Ombudsman accuses Daniel Andrews of undermining corruption fight

Ombudsman Deborah Glass has sent a scathing letter to Premier Daniel Andrews that questions his government's commitment to fighting corruption and misconduct, saying it was "seriously underfunding" the integrity agency in what appeared to be an attempt to undermine it.

Ms Glass' decision to write personally to Mr Andrews in November and to directly question his commitment to ensuring integrity in government marks an escalation in tensions between them.

Ombudsman Deborah Glass says she might have to make 20 per cent of her staff redundant.Credit:Simon Schluter

The November 13 letter, which is marked "Official", said Ms Glass felt it necessary to alert Mr Andrews that his government's funding decisions meant she would be forced to sack investigators responsible for unearthing corruption, misconduct and maladministration in the public sector.

"I recognise the extraordinary financial challenges facing the government, but this is also a time when the accountability of government is an ever-increasing public concern," she wrote, copying the letter to the Treasurer Tim Pallas and Attorney-General Jill Hennessy.

"Your government has, understandably, spent millions on inquiries and royal commissions. Yet while its own Ombudsman has the powers of a royal commission and a proven ability to investigate matters of serious public concern in a highly cost-effective manner, the apparent reluctance to fund my office to a sustainable level risks looking like an attempt to undermine it.

"You will appreciate this principle is even more important when those integrity agencies are currently investigating matters connected to the government."

This week, the bipartisan parliamentary committee that oversees the Ombudsman and the Independent Broad-based Anti-corruption Committee tabled a report highlighting how both agencies were demanding more funding to fight corruption and misconduct.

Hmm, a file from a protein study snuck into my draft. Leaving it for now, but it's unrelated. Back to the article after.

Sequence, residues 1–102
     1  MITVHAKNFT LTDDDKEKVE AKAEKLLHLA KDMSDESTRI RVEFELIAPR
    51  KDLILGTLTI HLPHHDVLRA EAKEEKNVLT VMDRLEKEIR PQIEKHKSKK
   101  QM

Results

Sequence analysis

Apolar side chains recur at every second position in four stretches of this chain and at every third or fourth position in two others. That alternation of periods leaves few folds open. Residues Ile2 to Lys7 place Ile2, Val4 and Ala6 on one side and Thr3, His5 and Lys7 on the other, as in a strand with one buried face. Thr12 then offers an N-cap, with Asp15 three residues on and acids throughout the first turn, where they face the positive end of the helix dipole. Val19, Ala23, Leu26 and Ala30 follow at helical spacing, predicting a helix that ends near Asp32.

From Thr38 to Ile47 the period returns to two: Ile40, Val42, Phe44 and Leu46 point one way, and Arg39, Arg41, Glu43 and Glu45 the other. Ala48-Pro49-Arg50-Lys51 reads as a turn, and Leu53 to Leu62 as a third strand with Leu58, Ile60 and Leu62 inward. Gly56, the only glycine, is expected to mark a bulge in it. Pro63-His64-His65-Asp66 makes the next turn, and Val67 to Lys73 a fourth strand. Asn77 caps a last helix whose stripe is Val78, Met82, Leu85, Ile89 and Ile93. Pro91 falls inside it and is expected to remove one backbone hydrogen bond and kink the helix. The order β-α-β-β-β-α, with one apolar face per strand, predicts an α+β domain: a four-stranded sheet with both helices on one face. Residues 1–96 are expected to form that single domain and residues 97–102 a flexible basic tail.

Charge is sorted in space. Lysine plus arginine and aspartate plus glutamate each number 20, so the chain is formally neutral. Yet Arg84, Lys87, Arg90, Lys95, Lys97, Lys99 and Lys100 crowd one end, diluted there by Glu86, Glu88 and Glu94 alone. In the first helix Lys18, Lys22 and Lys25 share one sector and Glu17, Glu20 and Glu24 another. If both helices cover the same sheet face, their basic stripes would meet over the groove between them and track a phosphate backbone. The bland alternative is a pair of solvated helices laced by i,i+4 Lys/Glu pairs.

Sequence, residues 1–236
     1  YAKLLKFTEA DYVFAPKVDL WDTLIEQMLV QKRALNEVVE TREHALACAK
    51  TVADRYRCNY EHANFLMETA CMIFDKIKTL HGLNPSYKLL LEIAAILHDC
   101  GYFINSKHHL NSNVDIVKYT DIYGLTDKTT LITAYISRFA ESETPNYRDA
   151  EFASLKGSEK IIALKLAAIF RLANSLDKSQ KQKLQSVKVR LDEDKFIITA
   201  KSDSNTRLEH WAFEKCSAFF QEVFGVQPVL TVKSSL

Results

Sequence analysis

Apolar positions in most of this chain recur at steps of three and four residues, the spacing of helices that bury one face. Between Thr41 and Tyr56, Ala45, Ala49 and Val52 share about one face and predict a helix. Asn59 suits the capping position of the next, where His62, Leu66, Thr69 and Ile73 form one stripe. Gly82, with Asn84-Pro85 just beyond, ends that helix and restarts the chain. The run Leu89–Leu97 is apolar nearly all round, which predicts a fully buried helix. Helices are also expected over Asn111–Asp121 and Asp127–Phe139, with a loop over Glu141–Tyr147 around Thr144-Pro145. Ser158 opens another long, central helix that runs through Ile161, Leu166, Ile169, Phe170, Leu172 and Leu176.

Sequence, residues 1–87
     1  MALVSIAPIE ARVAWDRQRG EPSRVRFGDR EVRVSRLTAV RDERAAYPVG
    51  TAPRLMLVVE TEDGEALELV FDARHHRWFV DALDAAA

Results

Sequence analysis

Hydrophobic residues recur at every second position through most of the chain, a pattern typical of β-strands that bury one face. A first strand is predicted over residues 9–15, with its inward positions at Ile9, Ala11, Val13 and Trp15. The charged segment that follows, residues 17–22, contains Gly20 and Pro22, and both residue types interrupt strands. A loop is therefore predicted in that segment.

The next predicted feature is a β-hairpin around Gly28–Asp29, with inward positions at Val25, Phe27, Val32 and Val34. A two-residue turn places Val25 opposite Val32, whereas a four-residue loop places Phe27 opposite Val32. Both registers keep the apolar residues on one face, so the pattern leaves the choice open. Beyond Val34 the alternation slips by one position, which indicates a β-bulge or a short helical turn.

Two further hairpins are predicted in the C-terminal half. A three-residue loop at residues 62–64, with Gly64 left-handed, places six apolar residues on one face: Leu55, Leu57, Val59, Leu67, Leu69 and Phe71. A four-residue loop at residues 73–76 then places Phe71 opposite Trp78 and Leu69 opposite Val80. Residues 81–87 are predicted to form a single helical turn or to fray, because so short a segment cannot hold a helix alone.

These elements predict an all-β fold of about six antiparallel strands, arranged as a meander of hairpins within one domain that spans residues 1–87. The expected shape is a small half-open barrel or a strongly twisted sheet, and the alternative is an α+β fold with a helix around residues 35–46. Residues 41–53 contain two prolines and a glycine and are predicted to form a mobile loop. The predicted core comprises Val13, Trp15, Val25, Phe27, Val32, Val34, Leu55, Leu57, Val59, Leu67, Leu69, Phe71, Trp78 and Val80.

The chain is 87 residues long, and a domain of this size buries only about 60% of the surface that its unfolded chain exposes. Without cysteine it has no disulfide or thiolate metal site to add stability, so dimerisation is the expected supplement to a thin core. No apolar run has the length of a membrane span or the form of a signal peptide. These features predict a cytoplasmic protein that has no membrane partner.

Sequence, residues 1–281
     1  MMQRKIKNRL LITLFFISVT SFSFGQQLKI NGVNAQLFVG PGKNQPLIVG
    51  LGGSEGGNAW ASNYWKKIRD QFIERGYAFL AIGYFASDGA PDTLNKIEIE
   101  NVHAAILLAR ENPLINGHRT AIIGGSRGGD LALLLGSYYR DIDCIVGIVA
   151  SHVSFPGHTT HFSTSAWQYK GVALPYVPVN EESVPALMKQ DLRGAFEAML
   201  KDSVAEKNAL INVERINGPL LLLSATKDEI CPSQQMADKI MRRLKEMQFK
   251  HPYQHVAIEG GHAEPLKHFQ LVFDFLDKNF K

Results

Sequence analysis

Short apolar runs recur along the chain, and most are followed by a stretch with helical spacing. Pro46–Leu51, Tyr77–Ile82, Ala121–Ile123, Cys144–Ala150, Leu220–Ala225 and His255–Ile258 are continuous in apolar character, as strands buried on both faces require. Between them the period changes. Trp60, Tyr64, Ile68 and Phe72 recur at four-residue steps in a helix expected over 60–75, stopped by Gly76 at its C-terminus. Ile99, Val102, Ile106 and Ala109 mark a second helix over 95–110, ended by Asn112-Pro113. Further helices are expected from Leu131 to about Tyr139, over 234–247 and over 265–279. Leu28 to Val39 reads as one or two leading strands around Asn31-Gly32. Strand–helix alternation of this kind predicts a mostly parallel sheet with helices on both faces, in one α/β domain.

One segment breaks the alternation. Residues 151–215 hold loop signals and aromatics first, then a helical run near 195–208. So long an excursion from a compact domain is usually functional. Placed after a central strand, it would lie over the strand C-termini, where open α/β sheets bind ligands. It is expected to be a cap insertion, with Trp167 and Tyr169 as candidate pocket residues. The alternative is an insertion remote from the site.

On Wednesday, The Age revealed that IBAC chief Robert Redlich had warned publicly that the failure to adequately resource his agency was weakening it in the fight against graft and police misconduct.

"Investment by governments to ensure our integrity agencies are properly resourced to do their work, is necessary and prudent,” Mr Redlich said.

Official sources have told The Age that neither agency can keep up with increasing demand, with serious corruption allegations being overlooked because of a lack of investigators and technical staff such as surveillance operatives.

Daniel Andrews on Wednesday.Credit:Joe Armao

The Premier slapped down those arguments, saying they had "no basis in fact whatsoever" and that Ms Glass' "rhetoric" was divorced from reality.

"When I know comments to be wrong, particularly when people are speaking about my motives, I think I am perfectly entitled to be able to correct that record," Mr Andrews said at the time.

The Ombudsman received a funding increase in the state budget from $16.2 million last year to $19 million. But Ms Glass has said the allocation in effect amounted to a funding cut because the office spent close to $22 million last year, more than $5 million over budget, meaning this year's funding was around $2 million less than was required last year.

The under-resourcing of IBAC was also at the centre of a 2018 bipartisan parliamentary committee report which called on the agency to be given far greater capacity to investigate serious police misconduct. Its recommendations have not been acted on by the government.

Opposition Leader Michael O'Brien has accused the government of starving the integrity agencies of resources because they are "examining Labor Party corruption". He has accused the Premier of misleading the public about the government's support of IBAC.

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